PORTLAND, Ore. (KOIN) — Portland police are attempting to bolster their numbers after many officers have either retired or quit in the past couple of years.
PPB has told KOIN 6 News that the low staffing has made it harder for them to respond to calls quickly. The bureau recently hired 20 new officers but is still about 100 short of what they need for a city the size of Portland, so it could still be a long road ahead for PPB, who is attempting to deal with the town’s violent crime — data from the bureau shows that the city is roughly on pace with 2021’s record homicide rate.
After PPB hit its lowest number of officers in about 30 years last month, Sergeant Trevor Tyler says just by being sworn in, the new recruits are giving the bureau hope.
“They do go a long way in terms of encouraging the officers that are here, that they are holding on for help. The help is coming,” he said. “I think a big component of tackling the violent crime is the ability to be able to respond in a timely fashion.”
In exit interviews obtained KOIN 6 in 2021, officers referenced feeling a lack of support from elected officials coupled with civil unrest as reasons for quitting. But Tyler says it’s been meaningful to see city officials show support for Portland police.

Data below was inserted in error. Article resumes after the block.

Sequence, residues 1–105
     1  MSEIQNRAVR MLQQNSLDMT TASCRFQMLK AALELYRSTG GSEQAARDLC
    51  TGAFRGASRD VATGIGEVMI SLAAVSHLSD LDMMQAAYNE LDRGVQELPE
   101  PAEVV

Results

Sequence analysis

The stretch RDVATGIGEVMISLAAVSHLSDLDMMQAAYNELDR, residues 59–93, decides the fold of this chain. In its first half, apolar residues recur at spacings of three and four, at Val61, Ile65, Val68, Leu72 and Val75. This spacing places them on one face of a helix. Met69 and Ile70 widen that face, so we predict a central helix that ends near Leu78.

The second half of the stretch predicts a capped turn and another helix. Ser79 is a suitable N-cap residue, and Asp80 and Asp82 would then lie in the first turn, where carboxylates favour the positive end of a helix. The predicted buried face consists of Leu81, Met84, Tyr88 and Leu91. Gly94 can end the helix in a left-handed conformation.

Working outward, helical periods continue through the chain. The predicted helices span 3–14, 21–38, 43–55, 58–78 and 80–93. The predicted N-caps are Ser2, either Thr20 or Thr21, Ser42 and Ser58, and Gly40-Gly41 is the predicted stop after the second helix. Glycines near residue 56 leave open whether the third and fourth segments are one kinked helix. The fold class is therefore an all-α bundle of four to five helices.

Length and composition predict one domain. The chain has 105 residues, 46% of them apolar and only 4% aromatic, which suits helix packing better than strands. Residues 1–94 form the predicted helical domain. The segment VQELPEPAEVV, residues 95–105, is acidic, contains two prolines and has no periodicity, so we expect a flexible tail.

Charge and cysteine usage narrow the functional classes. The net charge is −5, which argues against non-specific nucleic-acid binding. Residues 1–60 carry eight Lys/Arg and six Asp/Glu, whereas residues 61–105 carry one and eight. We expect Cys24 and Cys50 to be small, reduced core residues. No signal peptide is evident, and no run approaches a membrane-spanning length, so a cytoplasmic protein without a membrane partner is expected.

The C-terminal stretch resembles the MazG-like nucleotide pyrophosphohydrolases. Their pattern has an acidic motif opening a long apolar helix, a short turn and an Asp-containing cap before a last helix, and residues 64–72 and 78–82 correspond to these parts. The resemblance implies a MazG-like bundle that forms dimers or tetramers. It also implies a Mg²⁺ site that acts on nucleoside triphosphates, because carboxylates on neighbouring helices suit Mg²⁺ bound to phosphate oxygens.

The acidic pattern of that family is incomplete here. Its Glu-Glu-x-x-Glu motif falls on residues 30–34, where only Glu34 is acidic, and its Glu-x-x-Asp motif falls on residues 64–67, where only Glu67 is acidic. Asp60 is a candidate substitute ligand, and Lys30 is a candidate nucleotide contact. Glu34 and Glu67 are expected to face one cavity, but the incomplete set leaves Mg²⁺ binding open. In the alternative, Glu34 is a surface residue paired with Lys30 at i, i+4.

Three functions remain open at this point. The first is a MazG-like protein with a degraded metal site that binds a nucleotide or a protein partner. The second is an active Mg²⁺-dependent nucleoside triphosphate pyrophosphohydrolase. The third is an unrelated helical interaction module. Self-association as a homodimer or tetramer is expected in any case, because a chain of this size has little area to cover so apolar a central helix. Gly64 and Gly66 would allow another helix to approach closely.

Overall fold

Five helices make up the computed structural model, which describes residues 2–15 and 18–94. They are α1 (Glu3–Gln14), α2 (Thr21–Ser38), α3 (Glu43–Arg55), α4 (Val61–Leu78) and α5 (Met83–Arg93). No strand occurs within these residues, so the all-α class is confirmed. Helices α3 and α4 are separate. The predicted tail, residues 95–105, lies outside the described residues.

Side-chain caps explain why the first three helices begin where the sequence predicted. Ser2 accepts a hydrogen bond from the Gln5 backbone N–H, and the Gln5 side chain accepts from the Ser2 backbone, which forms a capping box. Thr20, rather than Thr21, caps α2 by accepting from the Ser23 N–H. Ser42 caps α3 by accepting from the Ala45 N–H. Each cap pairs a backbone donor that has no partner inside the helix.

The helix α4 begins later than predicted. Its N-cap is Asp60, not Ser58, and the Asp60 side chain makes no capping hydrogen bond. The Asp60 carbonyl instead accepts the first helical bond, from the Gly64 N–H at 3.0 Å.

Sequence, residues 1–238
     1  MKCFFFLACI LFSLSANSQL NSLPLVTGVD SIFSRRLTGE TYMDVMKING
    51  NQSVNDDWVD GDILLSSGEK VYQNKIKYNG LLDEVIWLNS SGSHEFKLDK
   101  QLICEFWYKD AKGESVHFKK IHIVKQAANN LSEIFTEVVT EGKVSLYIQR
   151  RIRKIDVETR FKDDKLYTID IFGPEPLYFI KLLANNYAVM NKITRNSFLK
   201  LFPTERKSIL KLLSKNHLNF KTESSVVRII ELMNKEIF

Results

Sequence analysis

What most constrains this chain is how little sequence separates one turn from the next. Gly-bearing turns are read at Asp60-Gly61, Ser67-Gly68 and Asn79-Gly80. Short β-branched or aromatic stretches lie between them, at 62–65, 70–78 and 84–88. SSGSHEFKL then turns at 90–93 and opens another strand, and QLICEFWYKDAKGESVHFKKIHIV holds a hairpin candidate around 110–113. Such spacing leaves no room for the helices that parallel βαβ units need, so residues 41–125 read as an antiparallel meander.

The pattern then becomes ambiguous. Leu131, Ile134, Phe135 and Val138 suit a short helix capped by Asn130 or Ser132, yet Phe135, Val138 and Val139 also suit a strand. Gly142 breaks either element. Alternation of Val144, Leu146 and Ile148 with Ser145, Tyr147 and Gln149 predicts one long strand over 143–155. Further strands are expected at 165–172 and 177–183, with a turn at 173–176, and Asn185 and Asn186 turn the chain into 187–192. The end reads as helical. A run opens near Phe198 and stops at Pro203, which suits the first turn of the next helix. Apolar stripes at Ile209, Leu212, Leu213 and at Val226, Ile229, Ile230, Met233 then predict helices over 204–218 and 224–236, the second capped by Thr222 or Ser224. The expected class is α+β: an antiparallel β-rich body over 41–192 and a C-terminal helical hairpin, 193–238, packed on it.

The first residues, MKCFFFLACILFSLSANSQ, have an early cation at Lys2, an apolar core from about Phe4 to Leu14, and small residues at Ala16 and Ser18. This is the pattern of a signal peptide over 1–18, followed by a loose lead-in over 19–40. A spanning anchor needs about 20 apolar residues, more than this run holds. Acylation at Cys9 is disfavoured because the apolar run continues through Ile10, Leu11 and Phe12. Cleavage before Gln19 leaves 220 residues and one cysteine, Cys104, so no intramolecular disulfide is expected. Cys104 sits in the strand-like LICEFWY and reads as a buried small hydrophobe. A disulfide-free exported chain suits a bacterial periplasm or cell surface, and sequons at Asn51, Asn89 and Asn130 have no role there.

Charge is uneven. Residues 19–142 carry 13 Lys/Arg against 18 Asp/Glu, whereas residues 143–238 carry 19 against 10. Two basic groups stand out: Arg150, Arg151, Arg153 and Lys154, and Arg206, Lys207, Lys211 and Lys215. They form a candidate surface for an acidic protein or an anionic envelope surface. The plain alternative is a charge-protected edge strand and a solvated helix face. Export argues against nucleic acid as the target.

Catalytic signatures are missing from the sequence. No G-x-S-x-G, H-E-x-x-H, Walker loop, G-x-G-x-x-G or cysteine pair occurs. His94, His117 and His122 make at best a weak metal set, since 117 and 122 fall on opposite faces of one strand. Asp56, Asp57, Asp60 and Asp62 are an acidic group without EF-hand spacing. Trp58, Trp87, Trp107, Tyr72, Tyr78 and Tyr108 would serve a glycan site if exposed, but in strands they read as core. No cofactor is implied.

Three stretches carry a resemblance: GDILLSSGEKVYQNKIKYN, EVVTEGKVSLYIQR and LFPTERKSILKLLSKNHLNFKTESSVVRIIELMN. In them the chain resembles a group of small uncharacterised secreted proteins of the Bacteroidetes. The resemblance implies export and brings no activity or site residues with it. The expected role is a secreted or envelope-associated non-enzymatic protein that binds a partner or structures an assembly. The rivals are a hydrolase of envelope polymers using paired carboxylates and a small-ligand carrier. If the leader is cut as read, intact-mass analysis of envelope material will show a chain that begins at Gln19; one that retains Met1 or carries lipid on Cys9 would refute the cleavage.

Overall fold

“I was so thankful last Thursday, we had three commissioners (who) came and spoke at the hiring ceremony. The mayor also had a gracious statement. As a whole, we are seeing there is the backing from our community representatives,” he said.
The hiring announcement came following Mayor Ted Wheeler’s uncharacteristic outburst in a city council meeting where he responded to a presentation from Police Chief Chuck Lovell about rising crime.
“We should stop using the messaging at every turn that the reason we can’t help citizens with basic criminal justice issues is because we don’t have the personnel,” Wheeler said. “We have to find better ways to address this crisis.”
Tyler says the wheels to hire the new officers were in motion far before Mayor Wheeler’s comments and that he is hopeful for the future.
“I want the city to succeed, we all want the city to succeed, which is why we stayed through everything. I feel like we’re seeing glimpses of hope come into fruition now,” he said.